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How obsolete is the word “overmorrow”?

Is there a one-word English term for the day after tomorrow? Perhaps a term that has fallen out of modern English usage.

One that would complete the sequence of: today, tomorrow, ...

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marked as duplicate by FumbleFingers, onomatomaniak, Mehper C. Palavuzlar, Hugo, Daniel Dec 15 '11 at 1:35

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Related: How obsolete is the word “overmorrow”? –  aedia λ Dec 14 '11 at 19:16
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@aedia: I think it's a bit more than "related". It's the answer, and then some. –  FumbleFingers Dec 14 '11 at 19:20
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The day after tomorrow is "Friday" –  Hugo Dec 14 '11 at 23:08

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up vote 12 down vote accepted

No.

There may have been one, or more, and there may still be dialectal variants around here and there. But there's no general word; instead there's a fixed phrase, which you used: the day after tomorrow.

Germanic languages can use the word for morning to refer to the next daybreak. In German Morgen still means both morning and tomorrow; in English morrow, a variant of morning, came to be used in the latter sense. The to- is probably a fossilized definite article.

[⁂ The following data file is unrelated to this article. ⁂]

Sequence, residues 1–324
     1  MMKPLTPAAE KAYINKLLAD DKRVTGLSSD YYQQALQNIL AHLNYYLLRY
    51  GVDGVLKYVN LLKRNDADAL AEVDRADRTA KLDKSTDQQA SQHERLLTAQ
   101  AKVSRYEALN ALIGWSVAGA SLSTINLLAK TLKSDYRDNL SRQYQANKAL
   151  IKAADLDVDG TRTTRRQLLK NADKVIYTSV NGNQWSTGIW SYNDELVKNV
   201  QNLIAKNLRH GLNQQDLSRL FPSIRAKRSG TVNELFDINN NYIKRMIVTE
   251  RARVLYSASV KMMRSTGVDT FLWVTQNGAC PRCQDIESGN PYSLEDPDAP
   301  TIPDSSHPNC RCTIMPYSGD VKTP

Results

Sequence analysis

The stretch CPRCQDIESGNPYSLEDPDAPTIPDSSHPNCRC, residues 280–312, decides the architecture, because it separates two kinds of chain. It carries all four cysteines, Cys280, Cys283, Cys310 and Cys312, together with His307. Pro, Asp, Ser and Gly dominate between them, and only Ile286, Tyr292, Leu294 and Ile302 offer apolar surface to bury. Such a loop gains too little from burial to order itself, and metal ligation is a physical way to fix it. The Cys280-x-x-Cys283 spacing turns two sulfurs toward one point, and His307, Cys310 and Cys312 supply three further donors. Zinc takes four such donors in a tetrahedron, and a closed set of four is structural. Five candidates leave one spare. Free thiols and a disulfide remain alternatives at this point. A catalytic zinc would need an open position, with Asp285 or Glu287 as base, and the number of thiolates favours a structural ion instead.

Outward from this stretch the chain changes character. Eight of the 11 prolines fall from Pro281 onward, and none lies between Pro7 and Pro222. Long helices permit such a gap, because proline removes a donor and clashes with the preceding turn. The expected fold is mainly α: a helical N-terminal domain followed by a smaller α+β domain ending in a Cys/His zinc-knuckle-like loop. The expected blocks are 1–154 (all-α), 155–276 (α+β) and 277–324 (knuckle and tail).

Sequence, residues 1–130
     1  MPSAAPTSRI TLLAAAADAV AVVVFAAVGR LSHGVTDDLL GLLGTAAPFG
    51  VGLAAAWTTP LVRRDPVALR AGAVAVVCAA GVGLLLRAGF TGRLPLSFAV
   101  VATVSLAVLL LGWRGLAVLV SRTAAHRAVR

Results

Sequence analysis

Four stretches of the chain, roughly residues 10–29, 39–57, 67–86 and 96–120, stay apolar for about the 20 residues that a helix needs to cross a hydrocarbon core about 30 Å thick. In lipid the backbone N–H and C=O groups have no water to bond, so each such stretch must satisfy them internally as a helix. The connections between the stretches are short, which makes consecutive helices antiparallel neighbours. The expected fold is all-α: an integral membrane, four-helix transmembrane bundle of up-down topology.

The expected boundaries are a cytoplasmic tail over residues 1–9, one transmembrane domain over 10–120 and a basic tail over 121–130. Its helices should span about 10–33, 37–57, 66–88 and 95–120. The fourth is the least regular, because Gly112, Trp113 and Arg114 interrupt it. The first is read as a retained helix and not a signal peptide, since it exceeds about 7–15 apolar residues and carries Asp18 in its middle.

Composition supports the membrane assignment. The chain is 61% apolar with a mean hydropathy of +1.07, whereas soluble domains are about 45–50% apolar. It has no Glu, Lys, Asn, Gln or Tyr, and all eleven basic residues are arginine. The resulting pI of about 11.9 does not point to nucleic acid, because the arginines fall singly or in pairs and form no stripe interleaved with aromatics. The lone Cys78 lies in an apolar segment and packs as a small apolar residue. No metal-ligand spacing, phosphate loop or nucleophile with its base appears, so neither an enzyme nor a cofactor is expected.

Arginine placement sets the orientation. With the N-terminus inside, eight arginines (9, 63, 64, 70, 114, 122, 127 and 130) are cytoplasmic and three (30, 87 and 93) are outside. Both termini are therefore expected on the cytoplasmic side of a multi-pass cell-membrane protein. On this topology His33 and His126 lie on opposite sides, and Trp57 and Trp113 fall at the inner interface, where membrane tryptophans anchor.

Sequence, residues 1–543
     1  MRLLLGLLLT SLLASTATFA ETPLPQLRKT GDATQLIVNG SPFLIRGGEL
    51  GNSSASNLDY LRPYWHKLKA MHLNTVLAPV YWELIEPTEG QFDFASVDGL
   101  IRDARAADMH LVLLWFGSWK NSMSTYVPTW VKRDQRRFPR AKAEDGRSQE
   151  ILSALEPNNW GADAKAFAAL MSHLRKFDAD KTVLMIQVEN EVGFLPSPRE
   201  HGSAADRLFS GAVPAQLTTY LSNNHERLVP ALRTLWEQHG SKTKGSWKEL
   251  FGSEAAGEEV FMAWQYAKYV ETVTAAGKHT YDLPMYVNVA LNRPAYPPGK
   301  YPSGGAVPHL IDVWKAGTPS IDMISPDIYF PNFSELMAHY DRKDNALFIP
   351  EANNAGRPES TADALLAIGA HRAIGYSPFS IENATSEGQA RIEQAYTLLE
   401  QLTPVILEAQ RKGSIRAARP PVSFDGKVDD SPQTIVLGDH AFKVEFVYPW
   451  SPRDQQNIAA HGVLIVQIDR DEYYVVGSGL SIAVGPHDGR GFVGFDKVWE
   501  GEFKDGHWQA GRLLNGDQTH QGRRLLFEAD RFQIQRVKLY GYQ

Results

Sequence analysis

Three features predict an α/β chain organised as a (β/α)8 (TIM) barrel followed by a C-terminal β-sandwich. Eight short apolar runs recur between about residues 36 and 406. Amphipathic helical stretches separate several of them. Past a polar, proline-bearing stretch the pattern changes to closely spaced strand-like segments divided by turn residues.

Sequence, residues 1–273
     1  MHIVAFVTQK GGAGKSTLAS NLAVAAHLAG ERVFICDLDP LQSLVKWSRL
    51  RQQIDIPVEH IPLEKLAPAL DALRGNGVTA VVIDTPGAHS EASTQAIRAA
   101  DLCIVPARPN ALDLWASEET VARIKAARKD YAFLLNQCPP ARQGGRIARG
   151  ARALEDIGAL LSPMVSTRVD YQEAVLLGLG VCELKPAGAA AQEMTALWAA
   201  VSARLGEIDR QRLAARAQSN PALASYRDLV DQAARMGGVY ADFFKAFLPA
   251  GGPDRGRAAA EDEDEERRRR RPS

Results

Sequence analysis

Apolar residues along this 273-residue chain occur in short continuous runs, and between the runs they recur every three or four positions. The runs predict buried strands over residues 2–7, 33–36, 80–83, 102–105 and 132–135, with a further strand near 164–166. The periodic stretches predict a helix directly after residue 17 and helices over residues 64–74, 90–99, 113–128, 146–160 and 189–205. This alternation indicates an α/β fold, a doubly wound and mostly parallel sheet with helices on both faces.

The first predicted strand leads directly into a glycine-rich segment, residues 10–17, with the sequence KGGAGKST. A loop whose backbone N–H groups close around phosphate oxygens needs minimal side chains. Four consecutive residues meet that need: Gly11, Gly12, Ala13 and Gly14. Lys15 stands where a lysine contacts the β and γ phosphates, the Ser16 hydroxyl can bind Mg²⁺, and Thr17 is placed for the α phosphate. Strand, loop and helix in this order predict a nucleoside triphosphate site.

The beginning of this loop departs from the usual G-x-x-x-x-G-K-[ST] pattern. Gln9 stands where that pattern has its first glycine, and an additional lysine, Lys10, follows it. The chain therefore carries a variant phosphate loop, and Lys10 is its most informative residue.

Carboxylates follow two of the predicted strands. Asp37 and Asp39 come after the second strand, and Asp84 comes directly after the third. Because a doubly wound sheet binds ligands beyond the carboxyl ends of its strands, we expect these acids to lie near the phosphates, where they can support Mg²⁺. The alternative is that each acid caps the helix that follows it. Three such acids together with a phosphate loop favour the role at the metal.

In German, with its transparent morphology, there is a word Übermorgen that means the day after tomorrow, but English is morphologically naked. If there were such a word, it would be overmorrow.

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Awesome answers. Funny enough - overmorrow will work for what I need, but good to know I shouldn't use as if I'm speaking correct English. Thanks. –  tyndall Dec 14 '11 at 19:44
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If enough of us start using overmorrow, it will become proper English soon. Like 'selfie'. –  McGafter Mar 4 at 13:48
    
Maybe. But there are a lot of occasions for saying selfie. How often do people have to refer to the day after tomorrow? Two days before every holiday or air flight, maybe. But go ahead, that's how it's done, all right. –  John Lawler Mar 4 at 15:18
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Fun fact: morning and tomorrow share a common descriptor also in Polish (so not a Germanic language): the standard word for "morning" is rano/ranek, but the old-fashioned jutrzenka ("morning"/"dawn") is decidedly related to jutro ("tomorrow"). The same seems to happen in Romance languages... I would guess that demain ("tomorrow") used to be de matin ("in the [upcoming] morning"). -- (Mind you: overmorrow = pojutrze in Polish, literally "after tomorrow" - which is more sensible than days that are "over"/"under" other days... But overmorrow should be reintroduced regardless.) –  Alicja Z 2 days ago

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